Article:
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Polite language aside, abortion is still killing...

THE BALTIMORE SUN

Polite language aside, abortion is still killing a baby

Paul Blumenthal painted a sterile, medical picture of abortion as he applauded the recent Supreme Court ruling upholding partial birth abortion ("Leave medicine to the doctors," Opinion Commentary, July 25).

In his account, delivering a baby, except for its head, then puncturing the skull and suctioning out the brain is not murder; it's simply an "abortion procedure." The baby is only a "fetus."

Mr. Blumenthal uses the word "viability" rather than saying that the baby is still dependent on its mother.

"Viability" is a word abortionists have used to depersonalize the relationship the baby has to its mother before birth.

Everyone can feel more comfortable knowing that this is really a matter of the physician-patient relationship and not about killing babies.

Anyone who has seen a sonogram and seen the baby moving, the heart beating, the tiny head, fingers and toes knows that it's not a blob of tissue or a "fetus." It's a baby.

The author emphasizes that doctors should determine what procedure should be used to best help their patient.

In obstetrics, there are two patients. After conception the baby is a unique human being. It is not a part of the mother's body. A baby is not a cancer. There are two lives to consider.

The abortion buzzwords that have become so familiar and painfully politically correct emphasize our callused hearts. We refuse to open our eyes. We refuse to know or believe babies are being killed everyday.

Wishing this were not true does nothing to stop it from happening. Using medical terminology does not clean up a filthy, murderous business.

Dana M. Schilling

Bel Air

In his deceptively persuasive article on partial birth abortion, Paul Blumenthal neglected to include all the players in the abortion scenario. He made no mention of the innocent baby -- viable, alive, in fact, alive and kicking until put to death.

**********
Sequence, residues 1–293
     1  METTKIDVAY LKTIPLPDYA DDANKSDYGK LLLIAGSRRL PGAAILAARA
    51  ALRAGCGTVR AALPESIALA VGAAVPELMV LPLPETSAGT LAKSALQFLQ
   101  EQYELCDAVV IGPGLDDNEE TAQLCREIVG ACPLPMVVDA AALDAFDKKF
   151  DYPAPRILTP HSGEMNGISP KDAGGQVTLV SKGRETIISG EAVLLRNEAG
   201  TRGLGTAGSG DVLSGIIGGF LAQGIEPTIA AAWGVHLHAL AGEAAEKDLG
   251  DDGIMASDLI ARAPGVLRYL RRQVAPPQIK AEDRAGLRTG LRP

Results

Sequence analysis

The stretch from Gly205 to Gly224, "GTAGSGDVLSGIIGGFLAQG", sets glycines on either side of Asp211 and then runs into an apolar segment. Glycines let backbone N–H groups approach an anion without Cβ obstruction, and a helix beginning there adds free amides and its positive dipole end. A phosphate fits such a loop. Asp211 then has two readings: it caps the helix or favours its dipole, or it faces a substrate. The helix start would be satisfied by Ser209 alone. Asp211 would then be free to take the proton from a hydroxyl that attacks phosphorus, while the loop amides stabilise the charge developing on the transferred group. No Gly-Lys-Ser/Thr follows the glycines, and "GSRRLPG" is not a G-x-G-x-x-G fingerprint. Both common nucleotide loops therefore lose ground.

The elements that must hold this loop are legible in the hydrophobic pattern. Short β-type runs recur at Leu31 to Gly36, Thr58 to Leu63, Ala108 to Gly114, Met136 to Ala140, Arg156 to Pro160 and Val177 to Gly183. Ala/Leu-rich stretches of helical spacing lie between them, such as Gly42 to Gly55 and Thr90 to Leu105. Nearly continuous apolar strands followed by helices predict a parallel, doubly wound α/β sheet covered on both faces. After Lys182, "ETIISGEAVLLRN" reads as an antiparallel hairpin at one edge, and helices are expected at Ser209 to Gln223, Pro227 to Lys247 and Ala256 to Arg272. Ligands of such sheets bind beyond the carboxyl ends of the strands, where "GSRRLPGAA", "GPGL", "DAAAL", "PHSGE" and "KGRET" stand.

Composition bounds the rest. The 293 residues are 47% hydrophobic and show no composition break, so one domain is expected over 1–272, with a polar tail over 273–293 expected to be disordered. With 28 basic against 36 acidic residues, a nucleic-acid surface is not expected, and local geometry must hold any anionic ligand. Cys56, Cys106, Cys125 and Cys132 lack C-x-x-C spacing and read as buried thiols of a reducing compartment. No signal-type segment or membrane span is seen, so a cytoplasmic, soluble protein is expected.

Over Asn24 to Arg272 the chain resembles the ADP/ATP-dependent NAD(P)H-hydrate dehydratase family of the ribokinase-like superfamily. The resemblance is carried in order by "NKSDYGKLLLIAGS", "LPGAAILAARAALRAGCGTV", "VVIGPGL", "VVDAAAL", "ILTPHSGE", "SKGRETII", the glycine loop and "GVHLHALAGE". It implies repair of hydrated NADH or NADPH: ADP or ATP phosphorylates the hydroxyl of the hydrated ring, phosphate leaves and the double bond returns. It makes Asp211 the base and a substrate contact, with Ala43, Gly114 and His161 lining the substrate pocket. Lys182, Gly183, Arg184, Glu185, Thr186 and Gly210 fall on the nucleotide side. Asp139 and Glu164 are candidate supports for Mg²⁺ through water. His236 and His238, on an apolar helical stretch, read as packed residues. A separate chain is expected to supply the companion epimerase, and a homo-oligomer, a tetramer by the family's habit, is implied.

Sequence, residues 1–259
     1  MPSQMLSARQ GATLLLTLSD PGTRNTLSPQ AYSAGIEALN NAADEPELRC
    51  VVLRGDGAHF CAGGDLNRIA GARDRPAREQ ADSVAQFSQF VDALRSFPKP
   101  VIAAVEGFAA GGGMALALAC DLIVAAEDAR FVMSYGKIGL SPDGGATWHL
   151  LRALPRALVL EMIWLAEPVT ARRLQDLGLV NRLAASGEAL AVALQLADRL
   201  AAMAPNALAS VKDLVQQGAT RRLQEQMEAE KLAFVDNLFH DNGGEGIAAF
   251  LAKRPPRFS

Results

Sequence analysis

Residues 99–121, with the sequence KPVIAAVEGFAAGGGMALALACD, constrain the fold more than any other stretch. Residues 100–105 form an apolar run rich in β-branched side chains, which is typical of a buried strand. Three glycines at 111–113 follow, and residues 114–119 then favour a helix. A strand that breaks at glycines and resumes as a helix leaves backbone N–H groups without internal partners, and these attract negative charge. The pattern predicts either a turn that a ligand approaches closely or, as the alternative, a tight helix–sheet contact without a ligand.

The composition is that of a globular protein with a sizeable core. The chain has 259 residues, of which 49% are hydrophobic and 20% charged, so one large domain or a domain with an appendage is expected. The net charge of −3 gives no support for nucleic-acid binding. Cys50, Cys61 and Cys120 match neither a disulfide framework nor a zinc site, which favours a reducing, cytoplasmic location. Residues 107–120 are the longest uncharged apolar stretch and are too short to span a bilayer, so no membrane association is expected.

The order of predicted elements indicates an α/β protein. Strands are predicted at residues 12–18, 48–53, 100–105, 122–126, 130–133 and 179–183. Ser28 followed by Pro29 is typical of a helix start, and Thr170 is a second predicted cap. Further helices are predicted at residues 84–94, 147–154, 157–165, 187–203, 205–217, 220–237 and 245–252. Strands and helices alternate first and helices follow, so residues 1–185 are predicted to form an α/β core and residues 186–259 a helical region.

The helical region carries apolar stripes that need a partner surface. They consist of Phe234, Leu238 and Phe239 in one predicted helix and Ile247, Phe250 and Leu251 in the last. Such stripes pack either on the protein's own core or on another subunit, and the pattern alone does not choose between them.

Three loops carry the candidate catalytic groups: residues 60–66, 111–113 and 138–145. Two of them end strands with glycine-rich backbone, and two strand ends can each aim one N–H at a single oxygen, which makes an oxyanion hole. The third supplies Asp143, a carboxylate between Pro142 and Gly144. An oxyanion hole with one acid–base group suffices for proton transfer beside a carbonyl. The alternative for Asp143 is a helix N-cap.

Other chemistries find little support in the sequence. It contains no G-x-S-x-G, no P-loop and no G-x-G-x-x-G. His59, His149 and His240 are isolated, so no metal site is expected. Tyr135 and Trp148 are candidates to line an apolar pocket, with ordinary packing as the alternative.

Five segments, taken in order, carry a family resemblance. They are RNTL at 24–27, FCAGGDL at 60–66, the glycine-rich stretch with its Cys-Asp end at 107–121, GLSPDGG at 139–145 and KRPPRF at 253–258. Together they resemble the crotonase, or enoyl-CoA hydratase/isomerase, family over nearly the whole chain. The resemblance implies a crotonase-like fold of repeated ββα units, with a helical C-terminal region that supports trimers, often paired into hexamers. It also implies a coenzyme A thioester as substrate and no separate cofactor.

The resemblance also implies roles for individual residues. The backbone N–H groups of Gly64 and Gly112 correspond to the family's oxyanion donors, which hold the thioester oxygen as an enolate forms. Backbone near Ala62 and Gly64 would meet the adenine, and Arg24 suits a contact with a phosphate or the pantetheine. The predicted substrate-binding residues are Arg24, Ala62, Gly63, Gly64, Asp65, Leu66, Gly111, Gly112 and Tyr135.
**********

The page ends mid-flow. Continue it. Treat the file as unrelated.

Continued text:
Nor did Mr. Blumenthal adequately cover the considerable medical opinion that this drastic procedure is never medically necessary and in fact can be harmful to the health of the mother-to-be.

However, he does fall under the biblical injunction of Isaiah: "Woe unto them that call evil good, and good evil ..."

Douglas Hoffman

Baltimore

Don't send public funds to support the Baraka School

I cannot decide if it is the blatant discrimination or the hypocrisy about in the Baraka School issue that disturbs me the most ("Agreement reached on funding for Baraka School," July 27).

While I applaud the Abell Foundation for taking this innovative approach to deal with at-risk youth and creating this school, I resent that my tax money is going to support such an exclusive institution.

Baraka is a boarding school that discriminates based on sex and probably on race as well; I doubt if non-African-Americans would be admitted.

As a private organization, the Abell Foundation can use its funds as it sees fit. However, what gives them the right to raid city school funds for this endeavor?

Apparently, the school board endorses this expenditure because students would otherwise have attended city schools.

But this can also be said of the tens of thousands of city students who currently attend private schools. These same administrators and teachers fought hard to oppose any expenditures of state funds to private schools.

I suppose that representatives from the private schools and the archdiocese of Baltimore will be the next to show up at North Avenue with their hands out.

It is only fair. Many of their students "would otherwise attend city schools" too.